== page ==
WHO Model Prescribing Information: Drugs Used in Skin Diseases
(1997; 132 pages) [French] [Spanish] View the PDF document
Table of Contents
View the documentPreface
View the documentIntroduction
Open this folder and view contentsParasitic infections
Open this folder and view contentsInsect and arachnid bites and stings
Open this folder and view contentsSuperficial fungal infections
Open this folder and view contentsSubcutaneous fungal infections
Open this folder and view contentsBacterial infections
Open this folder and view contentsViral infections
Open this folder and view contentsEczematous diseases
Open this folder and view contentsScaling diseases
Open this folder and view contentsPapulosquamous diseases
View the documentCutaneous reactions to drugs
Open this folder and view contentsPigmentary disorders
Open this folder and view contentsPremalignant lesions and malignant tumours
Open this folder and view contentsPhotodermatoses
Open this folder and view contentsBullous dermatoses
View the documentAlopecia areata
View the documentUrticaria
Open this folder and view contentsConditions common in children
View the documentAcne vulgaris
View the documentPruritus
View the documentTropical ulcers
Close this folderAntimicrobial drugs
View the documentAciclovir
View the documentBenzylpenicillin
View the documentClioquinol
View the documentErythromycin
View the documentMethylrosanilinium chloride (gentian violet)
View the documentNeomycin + bacitracin
View the documentTetracycline
View the documentTiabendazole
Open this folder and view contentsAntifugal drugs
Open this folder and view contentsAntiseptic agents
Open this folder and view contentsKeratoplastic and keratolytic agents
Open this folder and view contentsScabicides and pediculicides
Open this folder and view contentsAnti-inflammatory and antipruritic drugs1
Open this folder and view contentsAntiallergics and drugs used in anaphylaxis
Open this folder and view contentsUltraviolet radiation-blocking agents (sunscreens)
Open this folder and view contentsMiscellaneous drugs
Open this folder and view contentsAnnex
View the documentSelected WHO Publications of Related Interest
View the documentBack cover


Cream or solution, 2%
Capsule or tablet, 250 mg (as stearate or ethyl succinate)

General information

Erythromycin is a macrolide antibiotic produced by Streptomyces erythreus. It has selective bacteriostatic activity against both streptococci and staphylococci, Propionibacterium acnes and some Gram-positive bacilli.

Because erythromycin is inactivated by gastric juices, oral formulations are protected by enteric coating. The drug diffuses rapidly into all tissues except the brain and cerebrospinal fluid. It readily crosses the placental barrier, and low concentrations have been reported in fetal plasma. The plasma half-life is approximately 90 minutes. Erythromycin is partially demethylated in the liver and excreted largely via the bile and faeces.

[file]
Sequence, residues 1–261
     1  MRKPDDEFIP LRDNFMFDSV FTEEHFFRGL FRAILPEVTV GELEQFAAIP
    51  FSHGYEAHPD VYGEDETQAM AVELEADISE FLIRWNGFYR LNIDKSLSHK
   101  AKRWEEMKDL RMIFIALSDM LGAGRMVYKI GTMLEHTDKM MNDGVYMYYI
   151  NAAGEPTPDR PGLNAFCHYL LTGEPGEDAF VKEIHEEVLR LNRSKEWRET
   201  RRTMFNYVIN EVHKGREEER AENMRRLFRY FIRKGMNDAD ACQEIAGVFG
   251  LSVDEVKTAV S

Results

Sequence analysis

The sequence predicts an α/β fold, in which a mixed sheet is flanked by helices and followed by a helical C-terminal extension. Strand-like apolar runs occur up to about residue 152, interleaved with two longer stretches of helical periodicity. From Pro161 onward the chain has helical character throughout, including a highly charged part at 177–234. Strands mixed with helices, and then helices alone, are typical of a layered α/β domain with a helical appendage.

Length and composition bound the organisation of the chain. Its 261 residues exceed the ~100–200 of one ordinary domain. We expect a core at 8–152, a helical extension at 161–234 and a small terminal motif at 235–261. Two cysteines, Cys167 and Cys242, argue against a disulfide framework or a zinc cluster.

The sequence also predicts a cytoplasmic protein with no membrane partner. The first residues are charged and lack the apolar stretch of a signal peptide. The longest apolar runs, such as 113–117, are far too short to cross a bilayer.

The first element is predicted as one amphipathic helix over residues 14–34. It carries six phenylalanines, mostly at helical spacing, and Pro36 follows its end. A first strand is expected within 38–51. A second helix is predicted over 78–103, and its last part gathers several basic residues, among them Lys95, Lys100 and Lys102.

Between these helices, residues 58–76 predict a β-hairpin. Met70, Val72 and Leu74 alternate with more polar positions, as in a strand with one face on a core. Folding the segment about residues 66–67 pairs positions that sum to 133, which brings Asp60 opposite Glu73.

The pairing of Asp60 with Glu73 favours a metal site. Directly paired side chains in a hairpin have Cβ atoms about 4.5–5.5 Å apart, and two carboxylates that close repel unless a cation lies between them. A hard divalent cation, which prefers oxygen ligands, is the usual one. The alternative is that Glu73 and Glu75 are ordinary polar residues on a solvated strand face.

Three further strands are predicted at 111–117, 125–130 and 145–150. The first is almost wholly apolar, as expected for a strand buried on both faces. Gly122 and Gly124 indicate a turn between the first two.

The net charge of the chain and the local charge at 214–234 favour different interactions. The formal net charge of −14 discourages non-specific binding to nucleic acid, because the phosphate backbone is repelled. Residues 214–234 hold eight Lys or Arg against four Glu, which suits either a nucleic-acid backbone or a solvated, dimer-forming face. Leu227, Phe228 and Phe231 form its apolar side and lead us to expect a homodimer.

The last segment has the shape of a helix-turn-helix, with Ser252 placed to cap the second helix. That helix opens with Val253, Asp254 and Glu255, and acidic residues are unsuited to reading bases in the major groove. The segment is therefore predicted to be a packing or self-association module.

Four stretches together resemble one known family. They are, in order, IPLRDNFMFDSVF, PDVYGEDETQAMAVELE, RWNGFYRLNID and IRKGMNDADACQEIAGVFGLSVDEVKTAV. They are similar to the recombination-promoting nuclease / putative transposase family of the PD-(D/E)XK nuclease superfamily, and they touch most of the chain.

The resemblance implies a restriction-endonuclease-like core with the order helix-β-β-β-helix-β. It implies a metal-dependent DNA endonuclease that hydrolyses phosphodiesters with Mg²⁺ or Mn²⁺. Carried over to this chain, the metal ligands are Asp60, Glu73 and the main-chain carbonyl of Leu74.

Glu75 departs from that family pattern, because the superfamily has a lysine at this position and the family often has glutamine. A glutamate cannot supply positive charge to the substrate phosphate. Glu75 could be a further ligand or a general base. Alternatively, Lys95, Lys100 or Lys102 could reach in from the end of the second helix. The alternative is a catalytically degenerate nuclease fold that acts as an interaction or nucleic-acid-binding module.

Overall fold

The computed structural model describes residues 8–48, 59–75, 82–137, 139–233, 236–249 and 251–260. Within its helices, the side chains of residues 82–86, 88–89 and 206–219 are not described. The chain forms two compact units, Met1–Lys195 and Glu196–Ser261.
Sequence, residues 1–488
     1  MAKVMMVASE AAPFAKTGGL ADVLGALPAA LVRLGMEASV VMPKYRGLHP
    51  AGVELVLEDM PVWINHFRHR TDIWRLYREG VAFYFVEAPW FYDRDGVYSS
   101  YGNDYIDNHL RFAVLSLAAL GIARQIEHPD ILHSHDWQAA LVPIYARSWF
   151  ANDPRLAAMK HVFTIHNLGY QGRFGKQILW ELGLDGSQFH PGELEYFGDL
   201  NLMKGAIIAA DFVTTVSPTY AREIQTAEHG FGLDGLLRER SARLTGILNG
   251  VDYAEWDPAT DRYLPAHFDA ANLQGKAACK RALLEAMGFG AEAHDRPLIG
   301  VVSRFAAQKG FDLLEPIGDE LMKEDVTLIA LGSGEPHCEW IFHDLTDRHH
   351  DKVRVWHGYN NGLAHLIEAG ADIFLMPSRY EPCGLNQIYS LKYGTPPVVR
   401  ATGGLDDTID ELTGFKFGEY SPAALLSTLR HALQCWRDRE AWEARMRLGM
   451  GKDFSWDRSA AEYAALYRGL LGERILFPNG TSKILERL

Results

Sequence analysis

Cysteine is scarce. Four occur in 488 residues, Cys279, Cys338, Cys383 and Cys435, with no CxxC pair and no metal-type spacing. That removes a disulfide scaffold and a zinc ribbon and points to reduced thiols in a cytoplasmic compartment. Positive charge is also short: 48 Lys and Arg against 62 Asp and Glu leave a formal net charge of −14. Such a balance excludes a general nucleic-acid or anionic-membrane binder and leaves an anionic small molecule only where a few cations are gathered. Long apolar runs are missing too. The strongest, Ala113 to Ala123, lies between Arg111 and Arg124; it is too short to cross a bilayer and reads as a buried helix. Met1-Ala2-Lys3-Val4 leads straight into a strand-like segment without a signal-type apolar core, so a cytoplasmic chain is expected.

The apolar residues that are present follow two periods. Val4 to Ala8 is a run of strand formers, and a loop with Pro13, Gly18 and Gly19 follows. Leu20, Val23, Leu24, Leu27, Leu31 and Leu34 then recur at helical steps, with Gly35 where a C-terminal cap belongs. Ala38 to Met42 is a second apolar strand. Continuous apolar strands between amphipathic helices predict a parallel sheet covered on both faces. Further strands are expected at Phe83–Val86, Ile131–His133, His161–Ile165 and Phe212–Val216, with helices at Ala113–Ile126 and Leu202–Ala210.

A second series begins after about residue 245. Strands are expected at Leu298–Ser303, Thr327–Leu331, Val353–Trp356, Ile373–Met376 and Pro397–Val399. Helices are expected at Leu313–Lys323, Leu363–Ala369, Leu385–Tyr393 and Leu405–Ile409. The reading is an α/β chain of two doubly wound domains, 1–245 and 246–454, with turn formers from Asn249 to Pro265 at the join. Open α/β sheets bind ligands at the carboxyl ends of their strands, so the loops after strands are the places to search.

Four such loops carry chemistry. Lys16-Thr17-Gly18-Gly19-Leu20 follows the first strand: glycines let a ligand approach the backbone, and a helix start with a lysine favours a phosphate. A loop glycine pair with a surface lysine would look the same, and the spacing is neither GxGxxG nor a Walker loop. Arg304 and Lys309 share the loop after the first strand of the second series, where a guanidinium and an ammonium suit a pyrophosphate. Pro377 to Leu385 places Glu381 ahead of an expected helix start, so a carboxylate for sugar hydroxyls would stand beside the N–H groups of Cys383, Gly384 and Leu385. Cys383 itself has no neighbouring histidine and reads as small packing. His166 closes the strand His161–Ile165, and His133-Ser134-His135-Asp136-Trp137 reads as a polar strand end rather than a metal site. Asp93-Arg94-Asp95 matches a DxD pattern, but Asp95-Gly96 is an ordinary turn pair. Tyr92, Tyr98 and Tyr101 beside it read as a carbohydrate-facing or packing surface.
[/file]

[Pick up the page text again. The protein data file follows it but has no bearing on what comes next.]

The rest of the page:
Clinical information


Treatment of:

• mild to moderate inflammatory acne
• severe impetigo unresponsive to topical antibiotics
• folliculitis
• erysipelas and cellulitis
• moderate to severe acne in patients in whom tetracyclines are contraindicated or ineffective
• yaws in children under 8 years of age, in whom tetracyclines are contraindicated.

Dosage and administration

Erythromycin tablets should not be broken in half before administration.

Mild to moderate inflammatory acne:

A thin layer of cream or solution should be applied to affected areas twice daily for 8-12 weeks.

Severe impetigo, folliculitis, erysipelas, cellulitis and moderate to severe acne:

Adults: 250 mg four times daily for 7-10 days. Patients with acne should receive 250 mg four times daily for 6-8 weeks followed by 250 mg twice daily until improvement occurs. Treatment may need to be continued for up to 6 months.

Children: 30 mg/kg daily in four divided doses for 7-10 days.

Yaws in children under 8 years:

30 mg/kg in four divided doses for 7-10 days.


Known hypersensitivity to erythromycin.


Hepatic function should be monitored in patients with a previous history of liver disease.

Use in pregnancy

Erythromycin has not been shown to be mutagenic, teratogenic or embryotoxic; it can be used during pregnancy.

Adverse effects

Nausea, vomiting and diarrhoea can occur.

Cholestatic hepatitis, which may present with symptoms suggestive of acute cholecystitis, occasionally complicates prolonged courses of treatment. Symptoms resolve rapidly when the drug is withdrawn.

Anaphylaxis and other hypersensitivity reactions are rare.

Drug interactions

Erythromycin, chloramphenicol and clindamycin have a similar bacteriostatic action and tend to be mutually antagonistic when administered together. Erythromycin decreases the rate of metabolism of carbamazepine and warfarin in the liver to a degree that can warrant readjustment of dosage. Erythromycin may diminish the action of oral contraceptives. Convulsions have recently been reported to occur when erythromycin is given together with a non-steroidal anti-inflammatory agent.

Erythromycin and other macrolide antibiotics should not be given with the non-sedating antihistamines astemizole and terfenadine, as cardiac arrhythmias such as prolonged Q-T intervals and ventricular arrhythmias (including ventricular fibrillation) have been reported in association with these drug combinations.


Symptoms of overdosage include severe nausea, vomiting, diarrhoea and hearing loss. Induction of emesis or gastric lavage may be of value if undertaken within a few hours of ingestion.


Preparations should be stored in tightly closed containers. Tablets and capsules should be protected from light.

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